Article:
Development of the ALOHANET

113 ALOHA Project Started In September 1968 Goal
To build computer network in University of Hawaii. To investigate the use of radio communications as an alternative to the telephone system for computer communication. To determine those situations where radio communications are preferable to conventional wire communications

114 Problem Limited Resource: Channel
Intermittent operation typical of interactive computer terminal don’t need point-to-point channels. (FDMA or TDMA) Spread Spectrum is not appropriate to share the channel.

115 Approach Packet Broadcasting Channels
Each user transmits its packets over the common broadcast channel. Key innovation of ALOHANET. There are basically two types of ALOHA systems --Synchronized or slotted and --Unsynchronized or unslotted

116 System Design 1968, they decided main approach (Packet Broadcasting) for design simplicity. Frequency Band: two 100KHz bandwidth channels at MHz and MHz. TCU (Terminal Control Unit): Formatting of the ALOHA packets. Retransmission protocol. A Terminal attached TCU by means of RS232. Half duplex mode. (too expensive memory)

117 History 1971: start operation in University of Hawaii.
: build additional TCUs. 1972: connect to ARPANET using satellite channel. (56kbps) 1973: Metcalfe’s doctorial dissertation about packet broadcasting. 1973: PACNET, international satellite networks. (9600 bits/s) 1973 ~ : Many researches about “packet broadcasting”. 1976: slotted ALOHA. 1984: unslotted ALOHA in the UHF band by Motorola.

118 Strategic Theoretical Realities
An appreciation of the basic capacity of the channels and the matching of that capacity to the information rate of the signals. In data network, distinguish between the average data rate and the burst data rate Network design: to handle different kinds of signals from different source. Deals with the problem of scaling for large system. Packet broadcasting channel is more scalable than point-to-point channel or switching. Theoretical analysis give good guide to design network, but the converse also is true.  The operation of a real network can be a valuable guide to the selection of theoretical problems.

119 Packet Switching and Packet Broadcasting
Packet switching can provide a powerful means of sharing communication resources. But it employ point-to-point channels and large switches for routing. By use of packet broadcasting Elimination of routing and switches. System simplicity Some channels are basically broadcast channel. (satellite, ..) Needs unified presentation of packet broadcasting theory.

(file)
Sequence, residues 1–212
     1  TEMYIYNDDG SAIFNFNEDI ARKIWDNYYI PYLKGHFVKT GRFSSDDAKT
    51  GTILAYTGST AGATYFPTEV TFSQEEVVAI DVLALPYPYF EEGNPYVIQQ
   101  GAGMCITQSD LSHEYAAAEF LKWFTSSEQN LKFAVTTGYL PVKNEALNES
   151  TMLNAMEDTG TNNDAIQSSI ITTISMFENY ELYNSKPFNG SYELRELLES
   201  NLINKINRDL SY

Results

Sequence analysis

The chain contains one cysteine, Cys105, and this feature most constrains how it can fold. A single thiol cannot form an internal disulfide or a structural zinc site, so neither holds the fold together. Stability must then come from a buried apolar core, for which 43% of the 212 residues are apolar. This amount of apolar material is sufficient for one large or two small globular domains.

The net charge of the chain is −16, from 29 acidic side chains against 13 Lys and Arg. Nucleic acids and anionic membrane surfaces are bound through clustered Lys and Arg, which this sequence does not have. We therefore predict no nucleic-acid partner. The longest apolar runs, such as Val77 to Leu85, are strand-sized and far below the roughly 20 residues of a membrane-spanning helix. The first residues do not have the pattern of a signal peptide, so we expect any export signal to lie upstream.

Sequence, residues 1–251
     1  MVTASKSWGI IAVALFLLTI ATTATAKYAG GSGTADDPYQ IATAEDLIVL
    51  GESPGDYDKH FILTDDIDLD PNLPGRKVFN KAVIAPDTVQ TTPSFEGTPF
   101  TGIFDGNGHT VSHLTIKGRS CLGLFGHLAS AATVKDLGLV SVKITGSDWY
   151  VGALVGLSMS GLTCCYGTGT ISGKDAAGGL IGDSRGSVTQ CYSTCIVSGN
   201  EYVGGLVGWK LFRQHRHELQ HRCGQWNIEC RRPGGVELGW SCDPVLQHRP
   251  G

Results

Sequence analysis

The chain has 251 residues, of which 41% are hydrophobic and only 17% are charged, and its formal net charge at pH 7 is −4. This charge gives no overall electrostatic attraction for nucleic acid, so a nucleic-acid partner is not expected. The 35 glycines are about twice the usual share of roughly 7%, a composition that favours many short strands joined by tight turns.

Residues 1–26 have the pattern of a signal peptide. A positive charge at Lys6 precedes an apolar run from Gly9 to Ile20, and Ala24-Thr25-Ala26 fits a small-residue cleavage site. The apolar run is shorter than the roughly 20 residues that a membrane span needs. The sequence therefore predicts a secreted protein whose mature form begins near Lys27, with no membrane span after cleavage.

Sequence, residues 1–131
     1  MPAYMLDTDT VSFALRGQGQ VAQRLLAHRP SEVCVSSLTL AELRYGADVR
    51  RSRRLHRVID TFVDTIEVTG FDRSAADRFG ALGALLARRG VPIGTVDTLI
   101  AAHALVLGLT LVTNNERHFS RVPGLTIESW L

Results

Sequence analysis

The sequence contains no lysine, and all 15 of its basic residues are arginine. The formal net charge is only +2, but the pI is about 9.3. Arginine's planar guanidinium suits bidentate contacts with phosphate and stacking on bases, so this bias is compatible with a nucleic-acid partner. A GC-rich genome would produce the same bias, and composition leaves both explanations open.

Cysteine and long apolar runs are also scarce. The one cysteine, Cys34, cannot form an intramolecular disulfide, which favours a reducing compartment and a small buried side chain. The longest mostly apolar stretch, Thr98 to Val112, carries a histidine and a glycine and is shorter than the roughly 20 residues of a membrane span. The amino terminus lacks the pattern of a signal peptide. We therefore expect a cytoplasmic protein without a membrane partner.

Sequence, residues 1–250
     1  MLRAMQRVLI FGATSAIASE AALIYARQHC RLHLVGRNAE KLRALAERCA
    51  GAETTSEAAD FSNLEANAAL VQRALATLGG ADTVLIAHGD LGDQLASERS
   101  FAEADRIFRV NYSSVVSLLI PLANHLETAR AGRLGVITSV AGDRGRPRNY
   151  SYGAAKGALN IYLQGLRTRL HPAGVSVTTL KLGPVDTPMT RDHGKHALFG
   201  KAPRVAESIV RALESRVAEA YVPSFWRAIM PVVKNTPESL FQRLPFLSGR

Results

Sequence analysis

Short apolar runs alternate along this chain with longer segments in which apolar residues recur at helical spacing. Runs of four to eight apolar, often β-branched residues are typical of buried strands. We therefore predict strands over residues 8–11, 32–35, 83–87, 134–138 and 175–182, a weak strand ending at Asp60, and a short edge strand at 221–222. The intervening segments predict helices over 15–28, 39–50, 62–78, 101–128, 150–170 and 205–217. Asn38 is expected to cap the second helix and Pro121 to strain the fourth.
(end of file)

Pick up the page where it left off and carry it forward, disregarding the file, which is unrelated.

120 Packet Broadcasting Channel
Each user transmits packets over the common broadcast channel completely unsynchronized. Loss due to the overlap. How many users can share a channel?

121 Recovery of Lost Packets
Positive Acknowledgements. Transponder Packet Broadcasting. Carrier Sense Packet Broadcasting. Packet Recovery Codes

122 ALOHA Systems and Protocols
We assume that the start time of packets/s that are transmitted is a Poisson point process An average rate of λ packets Let Tp denote the time duration of a packet The normalised channel traffic G is defined G=λTp It also called the offered channel traffic

123 ALOHA Capacity Errors reduce the ALOHA Capacity Random noise errors
Errors caused by packet overlap. Statistical Analysis: S: Channel Throughput G: Channel Traffic Throughput is maximum 1/2e when channel traffic equals 0.5.

124 ALOHA Capacity Meaning of the result ALOHA: 9600 bits/s
Terminal: 5bits/s 9600 X 1/2e = about 1600 bits/s The channel can handle the traffic of over 300 active terminals and each terminal will operate at a peak data rate 9600 bits/s

125 Slotted ALOHA Channel Capacity
Each user can start his packet only at certain fixed instants. Statistical Analysis It increase the throughput

126 Mixed Data Rates Unslotted ALOHA: Variable Packet Lengths
 = Long Packet Length/ Short Packet Length G1 = Short Packet Traffic G2 = Long Packet Traffic Total channel throughput can undergo a significant decrease.

127 Slotted ALOHA: Variable Packet Rates
Assume ALOHA used by n users with different channel traffic.

128 ALOHA Meaning of the result
In a lightly loaded slotted ALOHA channel, a single user can transmit data at rates above the limit 1/e. : Excess Capacity. Important for the network consisting of many interactive terminal users and small number of users who send large but infrequent files.

129 Question 1 In a pure ALOHA system, the channel bit rate is 2400bits/s. Suppose that each terminal transmits a 100-bit message every minute on average. i) Determine the maximum number of terminals that can use the channel ii) Repeat (i) if slotted ALOHA is used

130 Question 2 An alternative derivation for the
throughput in a pure ALOHA system may be obtained from the relation G=S+A, where A is the average (normalised) rate of retransmission. Show that A=G(1-e-2G ) and then solve for S.

131 Question 3 Consider a pure ALOHA system that is operating with a throughput S=0.1 and packets are generated with a Poisson arrival rate λ. Determine: The value of G The average number of attempted transmissions to send a packet.

132 Question 4 Consider a CSMA/CD system in which the
transmission rate on the bus is 10 Mτbits/s. The bus is 2 Km and the propagation delay is 5 μs/Km. Packets are 1000 bits long. Determine: i) The end-to-end delay d. ii) The packet duration Tp iii) The ratio d/Tp iv) The maximum utilization of the bus and the maximum bit rate.

133 MSc Telecommunications Questions by Professor R. A. Carrasco
Describe the evolution of the Internet and protocols for a communication network. Explain the concept of a hub, bridge, router and modem for local area networks. Explain the concept and protocols of Ethernet (IEEE 802.3), Token Bus (IEEE 820.4) and Token Ring (IEEE 802.5) Describe how you can determine the utilisation for IEEE and prove Give advantages and disadvantages of a wireless LAN Describe the criteria for LAN design Explain the architecture for IEEE 802.x, TCP/IP and ISO/OSI Describe the OSI and TCP/IP model Explain each feature of the IP datagram Explain the Internet classes and give an example of how to design an IP address for a network